Excerpts

Home Discomforts

by

During the 2011 Copa America, the field-side announcer read out the teams before the game, announcing “in the 10, the best in the word, Lionel Messi.” There was polite applause. “And in the 11, the player of the people, Carlos Tevez.” There was a mighty roar.

Zá-to-pek! Zá-to-pek! Zá-to-pek!

by

In the past eight days he has already won two Olympic golds, achieving the elusive distance-running double of winning both the 5,000 and the 10,000m. And now he is minutes away from completing a treble which everyone watching must realize will almost certainly never be achieved again. This is, by the way, the first time he has ever run a marathon.

Defunct

by

Relocated, renamed, contracted, defunct. The history of professional sports is littered with teams that failed, moved, or slipped quietly away. And I love them.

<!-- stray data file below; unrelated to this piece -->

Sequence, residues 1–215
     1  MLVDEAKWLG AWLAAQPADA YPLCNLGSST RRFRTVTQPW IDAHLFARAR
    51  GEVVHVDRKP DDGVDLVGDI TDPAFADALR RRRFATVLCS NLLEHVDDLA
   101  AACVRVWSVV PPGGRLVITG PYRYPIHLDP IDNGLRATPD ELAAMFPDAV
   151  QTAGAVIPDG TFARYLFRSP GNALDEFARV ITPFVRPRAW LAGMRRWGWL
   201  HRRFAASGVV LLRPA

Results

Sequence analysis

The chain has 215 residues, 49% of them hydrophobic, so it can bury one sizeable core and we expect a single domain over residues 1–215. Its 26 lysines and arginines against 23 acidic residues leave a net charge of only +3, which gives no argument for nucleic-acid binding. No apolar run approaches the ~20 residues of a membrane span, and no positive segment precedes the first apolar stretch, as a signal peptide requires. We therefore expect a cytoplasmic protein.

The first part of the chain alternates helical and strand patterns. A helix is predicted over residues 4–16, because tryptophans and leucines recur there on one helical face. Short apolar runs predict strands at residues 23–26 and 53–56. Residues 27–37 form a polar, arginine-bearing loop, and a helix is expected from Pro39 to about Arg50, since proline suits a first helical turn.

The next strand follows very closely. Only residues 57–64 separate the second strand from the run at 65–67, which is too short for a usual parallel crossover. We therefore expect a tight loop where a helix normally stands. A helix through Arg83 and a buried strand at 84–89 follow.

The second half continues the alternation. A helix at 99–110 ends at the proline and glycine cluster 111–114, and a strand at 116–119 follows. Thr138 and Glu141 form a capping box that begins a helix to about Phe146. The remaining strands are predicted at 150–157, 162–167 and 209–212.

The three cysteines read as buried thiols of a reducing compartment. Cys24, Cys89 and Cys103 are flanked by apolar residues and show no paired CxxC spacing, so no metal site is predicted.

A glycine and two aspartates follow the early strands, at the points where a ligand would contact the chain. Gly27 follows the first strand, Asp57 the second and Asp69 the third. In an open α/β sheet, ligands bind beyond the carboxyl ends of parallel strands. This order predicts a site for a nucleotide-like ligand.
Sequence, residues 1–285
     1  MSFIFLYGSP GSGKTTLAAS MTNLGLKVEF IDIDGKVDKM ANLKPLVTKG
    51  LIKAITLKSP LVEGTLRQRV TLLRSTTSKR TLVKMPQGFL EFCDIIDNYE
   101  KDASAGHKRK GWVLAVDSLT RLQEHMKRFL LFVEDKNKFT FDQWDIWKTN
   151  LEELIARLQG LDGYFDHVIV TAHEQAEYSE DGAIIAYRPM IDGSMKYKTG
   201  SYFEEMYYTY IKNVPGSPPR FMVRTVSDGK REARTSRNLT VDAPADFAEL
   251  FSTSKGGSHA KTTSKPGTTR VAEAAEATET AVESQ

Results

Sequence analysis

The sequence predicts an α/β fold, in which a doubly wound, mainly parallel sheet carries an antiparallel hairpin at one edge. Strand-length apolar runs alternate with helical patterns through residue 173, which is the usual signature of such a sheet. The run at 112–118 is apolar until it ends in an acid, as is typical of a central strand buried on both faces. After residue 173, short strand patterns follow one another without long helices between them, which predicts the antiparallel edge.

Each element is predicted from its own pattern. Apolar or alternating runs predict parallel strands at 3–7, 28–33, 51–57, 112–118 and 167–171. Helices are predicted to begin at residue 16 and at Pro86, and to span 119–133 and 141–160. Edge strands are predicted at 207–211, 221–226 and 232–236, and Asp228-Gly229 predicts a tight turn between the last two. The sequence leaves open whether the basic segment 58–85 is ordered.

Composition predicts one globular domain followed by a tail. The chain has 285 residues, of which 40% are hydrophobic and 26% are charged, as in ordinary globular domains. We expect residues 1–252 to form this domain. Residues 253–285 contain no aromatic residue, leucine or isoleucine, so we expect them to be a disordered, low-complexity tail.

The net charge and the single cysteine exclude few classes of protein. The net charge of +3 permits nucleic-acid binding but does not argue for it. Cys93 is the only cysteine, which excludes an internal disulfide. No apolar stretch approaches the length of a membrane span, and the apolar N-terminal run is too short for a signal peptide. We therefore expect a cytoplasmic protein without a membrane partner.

Game 7, 1986

by

My focus was on winning a World Series for the New York Mets, one hundred percent. But even as a big-league sapling, now three full seasons into my career, I still scoured the box scores each day during the season to see how the Red Sox were doing. On some level, I was still that seven-year-old kid from the summer of 1967, pulling for Carl Yastrzemski and the Boston Red Sox.

The First NCAA Tournament Champions

by

So as the first NCAA championship game began, the atmosphere was a mixed bag, with the nation’s coaches in the stands; with a stand-in band playing “Mighty Oregon” whenever it had the chance; with a radio broadcast; yet with many empty seats.